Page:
Please use this identifier to cite or link to this item: https://hdl.handle.net/2440/56062
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Type: Journal article
Title: Inspection time and everyday functioning: A longitudinal study
Author: Gregory, T.
Nettelbeck, T.
Wilson, C.
Citation: Personality and Individual Differences, 2009; 47(8):999-1002
Publisher: Pergamon-Elsevier Science Ltd
Issue Date: 2009
ISSN: 0191-8869
Statement of
Responsibility: 
Tess Gregory, Ted Nettelbeck and Carlene Wilson
Abstract: We tested whether level and/or changes in inspection time (IT) in an elderly sample (70-85 years at baseline) predicted future independence in everyday functioning, independent from chronological age. Sixty-eight participants were initially assessed on IT and cognitive abilities in 2003, reassessed on IT in 2005, and then completed the Everyday Problems Test, a test of independence in everyday living, in 2008. Controlling for age, lower fluid reasoning at baseline (Raven's-subset) and slowing IT over 18 months independently predicted poorer everyday functioning in 2008, together accounting for one-third variance. This supports the proposition that IT has utility as a biomarker for less favourable ageing. © 2009 Elsevier Ltd. All rights reserved.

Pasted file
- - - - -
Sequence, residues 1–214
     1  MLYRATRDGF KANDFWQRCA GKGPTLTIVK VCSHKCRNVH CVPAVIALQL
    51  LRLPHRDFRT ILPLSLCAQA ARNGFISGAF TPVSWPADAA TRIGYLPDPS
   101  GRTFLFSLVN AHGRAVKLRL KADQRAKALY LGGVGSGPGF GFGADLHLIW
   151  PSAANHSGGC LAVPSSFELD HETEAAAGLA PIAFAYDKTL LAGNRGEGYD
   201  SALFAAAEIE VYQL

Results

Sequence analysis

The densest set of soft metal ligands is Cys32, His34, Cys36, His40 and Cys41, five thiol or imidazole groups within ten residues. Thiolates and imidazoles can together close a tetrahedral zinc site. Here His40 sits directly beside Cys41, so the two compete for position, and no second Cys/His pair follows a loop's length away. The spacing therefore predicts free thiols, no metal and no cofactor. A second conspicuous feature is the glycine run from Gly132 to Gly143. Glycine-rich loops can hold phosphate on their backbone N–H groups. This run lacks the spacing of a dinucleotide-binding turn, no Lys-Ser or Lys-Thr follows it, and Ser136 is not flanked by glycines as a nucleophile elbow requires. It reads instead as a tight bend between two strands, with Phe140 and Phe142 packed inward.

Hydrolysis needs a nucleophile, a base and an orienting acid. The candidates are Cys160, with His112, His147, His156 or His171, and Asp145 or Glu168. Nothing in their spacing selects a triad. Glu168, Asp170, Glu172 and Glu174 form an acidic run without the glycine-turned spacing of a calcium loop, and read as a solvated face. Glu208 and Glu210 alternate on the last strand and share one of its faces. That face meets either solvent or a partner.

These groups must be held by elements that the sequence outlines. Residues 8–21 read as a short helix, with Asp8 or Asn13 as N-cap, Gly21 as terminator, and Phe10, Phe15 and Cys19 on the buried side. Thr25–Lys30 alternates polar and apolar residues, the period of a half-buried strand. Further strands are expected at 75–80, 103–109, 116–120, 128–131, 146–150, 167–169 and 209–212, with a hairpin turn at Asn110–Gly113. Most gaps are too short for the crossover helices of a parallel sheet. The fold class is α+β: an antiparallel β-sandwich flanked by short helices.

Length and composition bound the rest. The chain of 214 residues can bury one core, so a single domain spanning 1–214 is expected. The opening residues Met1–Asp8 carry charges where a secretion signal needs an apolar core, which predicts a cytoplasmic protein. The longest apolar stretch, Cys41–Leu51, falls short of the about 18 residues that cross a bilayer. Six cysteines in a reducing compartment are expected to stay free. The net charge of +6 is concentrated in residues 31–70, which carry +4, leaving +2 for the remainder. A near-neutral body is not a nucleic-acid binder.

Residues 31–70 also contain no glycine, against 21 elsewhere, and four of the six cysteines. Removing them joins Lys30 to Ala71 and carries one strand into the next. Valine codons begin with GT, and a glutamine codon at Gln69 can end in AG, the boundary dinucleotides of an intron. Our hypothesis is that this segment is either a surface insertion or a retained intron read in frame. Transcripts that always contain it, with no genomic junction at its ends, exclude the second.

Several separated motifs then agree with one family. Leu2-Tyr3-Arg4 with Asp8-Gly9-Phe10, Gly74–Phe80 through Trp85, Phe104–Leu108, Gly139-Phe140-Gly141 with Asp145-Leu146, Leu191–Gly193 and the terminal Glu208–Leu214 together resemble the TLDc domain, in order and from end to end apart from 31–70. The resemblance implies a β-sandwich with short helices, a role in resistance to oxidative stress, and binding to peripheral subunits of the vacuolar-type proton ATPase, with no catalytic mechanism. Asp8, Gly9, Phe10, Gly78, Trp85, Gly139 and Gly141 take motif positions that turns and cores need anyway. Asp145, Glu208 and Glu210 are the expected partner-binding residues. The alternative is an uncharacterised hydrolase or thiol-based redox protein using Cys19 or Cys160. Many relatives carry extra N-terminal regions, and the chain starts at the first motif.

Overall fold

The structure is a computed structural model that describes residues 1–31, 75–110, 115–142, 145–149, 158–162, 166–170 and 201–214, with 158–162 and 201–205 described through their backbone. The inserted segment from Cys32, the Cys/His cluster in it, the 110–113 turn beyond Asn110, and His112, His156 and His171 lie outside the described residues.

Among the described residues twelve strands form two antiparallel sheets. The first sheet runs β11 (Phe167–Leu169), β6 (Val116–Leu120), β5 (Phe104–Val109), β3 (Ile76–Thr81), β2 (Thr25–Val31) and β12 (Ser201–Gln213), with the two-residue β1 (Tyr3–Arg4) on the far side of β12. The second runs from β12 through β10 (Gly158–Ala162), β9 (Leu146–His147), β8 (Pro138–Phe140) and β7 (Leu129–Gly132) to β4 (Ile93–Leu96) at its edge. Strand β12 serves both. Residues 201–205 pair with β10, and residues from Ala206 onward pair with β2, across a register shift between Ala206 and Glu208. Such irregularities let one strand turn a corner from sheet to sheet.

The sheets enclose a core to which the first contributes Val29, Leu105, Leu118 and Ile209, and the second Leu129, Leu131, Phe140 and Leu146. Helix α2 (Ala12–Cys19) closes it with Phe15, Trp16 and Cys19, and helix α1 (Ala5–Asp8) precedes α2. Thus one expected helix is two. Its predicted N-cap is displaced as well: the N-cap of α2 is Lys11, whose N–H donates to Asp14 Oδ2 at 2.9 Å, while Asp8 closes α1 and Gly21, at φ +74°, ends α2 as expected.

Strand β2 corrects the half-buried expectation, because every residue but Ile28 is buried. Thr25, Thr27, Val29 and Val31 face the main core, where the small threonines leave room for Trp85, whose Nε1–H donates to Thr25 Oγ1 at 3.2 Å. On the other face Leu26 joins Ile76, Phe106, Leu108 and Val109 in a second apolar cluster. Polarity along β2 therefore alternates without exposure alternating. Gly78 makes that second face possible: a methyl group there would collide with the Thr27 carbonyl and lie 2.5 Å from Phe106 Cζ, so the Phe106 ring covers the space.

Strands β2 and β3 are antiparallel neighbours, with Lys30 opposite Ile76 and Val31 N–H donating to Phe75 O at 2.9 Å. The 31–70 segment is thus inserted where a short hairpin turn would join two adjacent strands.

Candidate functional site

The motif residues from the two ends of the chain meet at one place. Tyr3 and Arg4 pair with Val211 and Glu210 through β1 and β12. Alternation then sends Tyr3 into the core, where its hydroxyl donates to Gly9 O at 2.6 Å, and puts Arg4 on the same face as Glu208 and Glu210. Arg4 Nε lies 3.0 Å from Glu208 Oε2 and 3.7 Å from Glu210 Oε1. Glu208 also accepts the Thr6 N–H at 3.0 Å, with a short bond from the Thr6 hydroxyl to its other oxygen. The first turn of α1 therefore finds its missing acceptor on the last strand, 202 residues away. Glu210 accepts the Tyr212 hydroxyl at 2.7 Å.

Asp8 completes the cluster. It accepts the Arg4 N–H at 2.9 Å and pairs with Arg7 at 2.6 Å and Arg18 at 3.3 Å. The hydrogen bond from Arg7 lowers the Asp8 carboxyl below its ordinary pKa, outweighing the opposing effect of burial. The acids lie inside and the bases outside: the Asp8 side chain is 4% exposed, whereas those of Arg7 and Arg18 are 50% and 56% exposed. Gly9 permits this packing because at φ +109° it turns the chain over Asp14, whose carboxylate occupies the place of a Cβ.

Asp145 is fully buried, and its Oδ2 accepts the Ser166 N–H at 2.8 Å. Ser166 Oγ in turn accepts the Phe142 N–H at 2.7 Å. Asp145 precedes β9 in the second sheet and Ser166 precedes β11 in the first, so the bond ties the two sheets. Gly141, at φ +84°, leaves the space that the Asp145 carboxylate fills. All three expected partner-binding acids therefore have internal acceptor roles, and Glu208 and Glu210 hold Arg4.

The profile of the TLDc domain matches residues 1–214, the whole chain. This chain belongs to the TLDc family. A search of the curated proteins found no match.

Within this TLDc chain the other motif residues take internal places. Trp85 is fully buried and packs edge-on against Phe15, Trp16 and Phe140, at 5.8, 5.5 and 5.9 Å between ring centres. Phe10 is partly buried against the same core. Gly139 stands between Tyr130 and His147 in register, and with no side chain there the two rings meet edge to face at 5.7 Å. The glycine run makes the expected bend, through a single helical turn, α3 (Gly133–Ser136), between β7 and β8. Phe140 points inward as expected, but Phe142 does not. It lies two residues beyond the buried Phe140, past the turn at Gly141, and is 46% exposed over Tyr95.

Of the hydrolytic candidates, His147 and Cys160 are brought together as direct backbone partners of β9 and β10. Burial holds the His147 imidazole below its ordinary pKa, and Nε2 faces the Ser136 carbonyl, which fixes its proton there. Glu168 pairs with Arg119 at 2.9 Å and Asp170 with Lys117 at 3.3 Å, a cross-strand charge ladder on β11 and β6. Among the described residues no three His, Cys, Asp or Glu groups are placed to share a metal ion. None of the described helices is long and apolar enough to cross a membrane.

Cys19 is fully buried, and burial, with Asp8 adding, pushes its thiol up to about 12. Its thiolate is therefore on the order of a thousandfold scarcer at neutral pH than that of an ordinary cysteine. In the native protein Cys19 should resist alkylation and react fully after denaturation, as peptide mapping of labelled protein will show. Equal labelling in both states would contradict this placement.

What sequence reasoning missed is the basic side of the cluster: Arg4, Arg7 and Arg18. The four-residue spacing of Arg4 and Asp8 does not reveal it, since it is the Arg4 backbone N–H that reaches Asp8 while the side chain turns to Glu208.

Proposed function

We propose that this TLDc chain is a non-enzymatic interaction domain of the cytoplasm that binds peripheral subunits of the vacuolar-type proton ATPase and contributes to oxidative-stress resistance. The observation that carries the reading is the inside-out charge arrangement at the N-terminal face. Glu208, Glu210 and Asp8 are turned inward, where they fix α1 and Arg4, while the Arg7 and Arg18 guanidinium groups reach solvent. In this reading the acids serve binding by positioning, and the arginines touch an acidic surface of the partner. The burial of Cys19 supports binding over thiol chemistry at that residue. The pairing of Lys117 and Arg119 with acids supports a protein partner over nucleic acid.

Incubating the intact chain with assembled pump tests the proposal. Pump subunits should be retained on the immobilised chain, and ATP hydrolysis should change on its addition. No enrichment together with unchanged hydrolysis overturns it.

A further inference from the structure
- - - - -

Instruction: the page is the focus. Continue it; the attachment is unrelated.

Keywords: Inspection time
Speed of processing
Biomarker
Everyday functioning
Independence in everyday living
Cognitive abilities
Raven’s matrices
DOI: 10.1016/j.paid.2009.07.009
Appears in Collections:Aurora harvest 5
Psychology publications

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